with her first duty station assignment for the U.S. Navy. When she heard OH Magazine was looking for contributors she jumped on the opportunity. The 19-year-old is still fresh from her stint as editor-in-chief of her alma mater’s Central School Newspaper, during which time she helped grow the number and quality of issues by working with the local community newspaper. When Maggie’s not out getting the scoop for OH, she’s standing duty on base as a fully qualified Master At Arms in the Navy, which means we should remember to never make her mad. When she visited Wildwood Farm for her horseback riding story they were so impressed they gave her a part-time job. On top of all this, she wants to study nursing so she can one day work with Doctors Without Borders.

September/October 2008

Maggie

Bonnie

Bonnie Garland’s first big venture into journalism. She came to the publication at the recommendation of Oak Harbor High School journalism advisor Mark Strohschein. Last school year, Bonnie was the features editor for the Oak Harbor High School paper, The Breeze. While a scheduling mishap brought her to the class, she soon found she loved being a part of the journalistic action. She was a prime candidate for editor-in-chief before she stepped down from contention, as a new job took away any free time she had. This edition, Bonnie visited the Gail Harker Creative Studies Center off Goldie Road to get the scoop on the institute that has been pairing art students with world-class instructors for years.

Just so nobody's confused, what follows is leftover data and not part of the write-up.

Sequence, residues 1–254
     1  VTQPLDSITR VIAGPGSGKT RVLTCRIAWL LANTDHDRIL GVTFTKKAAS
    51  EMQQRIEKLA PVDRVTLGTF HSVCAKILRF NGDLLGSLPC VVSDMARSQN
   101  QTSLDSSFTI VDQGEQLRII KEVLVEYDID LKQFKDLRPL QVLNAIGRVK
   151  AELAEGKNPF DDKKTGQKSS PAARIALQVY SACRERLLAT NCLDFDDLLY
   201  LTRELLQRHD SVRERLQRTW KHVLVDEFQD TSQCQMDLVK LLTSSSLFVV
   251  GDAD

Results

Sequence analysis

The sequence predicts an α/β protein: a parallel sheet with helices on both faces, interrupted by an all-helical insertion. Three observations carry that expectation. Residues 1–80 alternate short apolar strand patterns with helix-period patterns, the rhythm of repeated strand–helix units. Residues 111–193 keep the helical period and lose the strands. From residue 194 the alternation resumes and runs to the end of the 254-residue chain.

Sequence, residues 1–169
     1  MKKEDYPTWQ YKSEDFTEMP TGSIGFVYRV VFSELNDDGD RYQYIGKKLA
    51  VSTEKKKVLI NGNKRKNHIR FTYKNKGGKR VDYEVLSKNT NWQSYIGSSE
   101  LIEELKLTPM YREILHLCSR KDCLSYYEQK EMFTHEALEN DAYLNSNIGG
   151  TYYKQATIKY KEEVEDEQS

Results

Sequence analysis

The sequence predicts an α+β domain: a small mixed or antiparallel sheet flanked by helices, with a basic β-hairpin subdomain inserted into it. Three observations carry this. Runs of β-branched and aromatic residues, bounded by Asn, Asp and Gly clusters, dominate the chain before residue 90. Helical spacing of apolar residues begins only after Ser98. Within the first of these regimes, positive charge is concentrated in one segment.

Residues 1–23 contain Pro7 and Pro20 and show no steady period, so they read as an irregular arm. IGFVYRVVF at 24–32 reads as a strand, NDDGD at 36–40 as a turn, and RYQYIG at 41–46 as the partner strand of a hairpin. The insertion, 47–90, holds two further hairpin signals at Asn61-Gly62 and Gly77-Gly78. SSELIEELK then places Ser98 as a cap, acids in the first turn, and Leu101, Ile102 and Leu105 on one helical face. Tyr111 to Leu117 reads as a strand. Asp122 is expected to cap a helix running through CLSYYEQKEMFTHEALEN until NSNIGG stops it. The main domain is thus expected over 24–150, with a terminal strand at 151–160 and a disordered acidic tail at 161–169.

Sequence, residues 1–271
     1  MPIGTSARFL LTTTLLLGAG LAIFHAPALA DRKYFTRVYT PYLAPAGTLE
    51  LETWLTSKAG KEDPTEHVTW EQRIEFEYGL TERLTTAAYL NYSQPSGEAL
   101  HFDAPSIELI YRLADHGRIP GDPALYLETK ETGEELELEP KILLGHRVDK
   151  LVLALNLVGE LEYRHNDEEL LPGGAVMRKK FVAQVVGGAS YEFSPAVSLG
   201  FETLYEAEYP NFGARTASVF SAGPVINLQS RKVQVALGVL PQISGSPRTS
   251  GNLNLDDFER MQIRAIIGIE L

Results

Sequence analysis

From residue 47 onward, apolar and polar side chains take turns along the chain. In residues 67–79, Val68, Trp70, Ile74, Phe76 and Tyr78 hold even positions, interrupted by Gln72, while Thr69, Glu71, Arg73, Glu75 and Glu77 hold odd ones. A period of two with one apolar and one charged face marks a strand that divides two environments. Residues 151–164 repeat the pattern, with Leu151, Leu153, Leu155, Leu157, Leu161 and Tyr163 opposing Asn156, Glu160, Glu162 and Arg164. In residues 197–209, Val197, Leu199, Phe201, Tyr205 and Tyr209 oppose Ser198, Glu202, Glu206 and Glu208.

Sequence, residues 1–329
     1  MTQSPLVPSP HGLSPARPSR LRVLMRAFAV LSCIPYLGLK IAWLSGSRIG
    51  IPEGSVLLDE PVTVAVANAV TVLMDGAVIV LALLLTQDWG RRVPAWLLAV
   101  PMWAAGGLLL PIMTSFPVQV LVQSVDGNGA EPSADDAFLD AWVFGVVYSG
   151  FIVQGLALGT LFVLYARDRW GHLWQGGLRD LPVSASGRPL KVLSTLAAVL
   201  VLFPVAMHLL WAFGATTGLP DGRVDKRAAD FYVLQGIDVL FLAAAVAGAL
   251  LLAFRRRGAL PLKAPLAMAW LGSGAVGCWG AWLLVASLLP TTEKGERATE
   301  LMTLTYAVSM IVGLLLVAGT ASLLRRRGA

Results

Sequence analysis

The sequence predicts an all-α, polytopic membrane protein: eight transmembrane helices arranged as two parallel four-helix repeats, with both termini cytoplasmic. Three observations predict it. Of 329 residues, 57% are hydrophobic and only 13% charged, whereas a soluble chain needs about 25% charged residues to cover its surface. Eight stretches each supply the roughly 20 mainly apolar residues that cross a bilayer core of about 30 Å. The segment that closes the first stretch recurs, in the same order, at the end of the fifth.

Get fit with our PE class feature on OH pg. 15! Jump start your style in this screen print ringer T-shirt $7 and matching classic fit mesh capris $13. Put spring in your step from this Detra running shoe $20. All found at Walmart.

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(in the Safeway shopping complex) September/October 2008

11

Q & A

Athletic Director

Nikki Luper A year as a Wildcat under her belt, Luper’s eager to talk about sports, stadiums & settling down in her new hometown

{hot seat}

D